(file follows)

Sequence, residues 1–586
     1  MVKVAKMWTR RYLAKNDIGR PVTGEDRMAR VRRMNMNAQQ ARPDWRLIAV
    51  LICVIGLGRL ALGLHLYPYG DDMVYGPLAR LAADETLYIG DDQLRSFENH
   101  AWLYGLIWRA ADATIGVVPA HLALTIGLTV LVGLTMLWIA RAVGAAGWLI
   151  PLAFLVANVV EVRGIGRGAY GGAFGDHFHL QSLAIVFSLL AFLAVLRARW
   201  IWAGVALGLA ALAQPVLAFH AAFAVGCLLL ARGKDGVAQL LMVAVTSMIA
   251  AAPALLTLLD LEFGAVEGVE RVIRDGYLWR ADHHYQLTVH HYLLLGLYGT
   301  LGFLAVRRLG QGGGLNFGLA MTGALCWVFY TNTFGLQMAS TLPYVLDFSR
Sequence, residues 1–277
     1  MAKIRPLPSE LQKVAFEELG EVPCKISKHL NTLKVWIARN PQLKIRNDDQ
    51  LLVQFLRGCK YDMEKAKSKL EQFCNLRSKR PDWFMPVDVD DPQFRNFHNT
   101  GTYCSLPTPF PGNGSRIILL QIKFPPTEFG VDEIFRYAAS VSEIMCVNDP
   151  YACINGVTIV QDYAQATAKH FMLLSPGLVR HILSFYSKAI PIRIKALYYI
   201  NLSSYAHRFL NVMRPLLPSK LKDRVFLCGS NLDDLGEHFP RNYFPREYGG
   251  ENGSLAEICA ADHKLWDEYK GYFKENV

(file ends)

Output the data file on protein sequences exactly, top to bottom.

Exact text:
Sequence, residues 1–586
     1  MVKVAKMWTR RYLAKNDIGR PVTGEDRMAR VRRMNMNAQQ ARPDWRLIAV
    51  LICVIGLGRL ALGLHLYPYG DDMVYGPLAR LAADETLYIG DDQLRSFENH
   101  AWLYGLIWRA ADATIGVVPA HLALTIGLTV LVGLTMLWIA RAVGAAGWLI
   151  PLAFLVANVV EVRGIGRGAY GGAFGDHFHL QSLAIVFSLL AFLAVLRARW
   201  IWAGVALGLA ALAQPVLAFH AAFAVGCLLL ARGKDGVAQL LMVAVTSMIA
   251  AAPALLTLLD LEFGAVEGVE RVIRDGYLWR ADHHYQLTVH HYLLLGLYGT
   301  LGFLAVRRLG QGGGLNFGLA MTGALCWVFY TNTFGLQMAS TLPYVLDFSR
Sequence, residues 1–277
     1  MAKIRPLPSE LQKVAFEELG EVPCKISKHL NTLKVWIARN PQLKIRNDDQ
    51  LLVQFLRGCK YDMEKAKSKL EQFCNLRSKR PDWFMPVDVD DPQFRNFHNT
   101  GTYCSLPTPF PGNGSRIILL QIKFPPTEFG VDEIFRYAAS VSEIMCVNDP
   151  YACINGVTIV QDYAQATAKH FMLLSPGLVR HILSFYSKAI PIRIKALYYI
   201  NLSSYAHRFL NVMRPLLPSK LKDRVFLCGS NLDDLGEHFP RNYFPREYGG
   251  ENGSLAEICA ADHKLWDEYK GYFKENV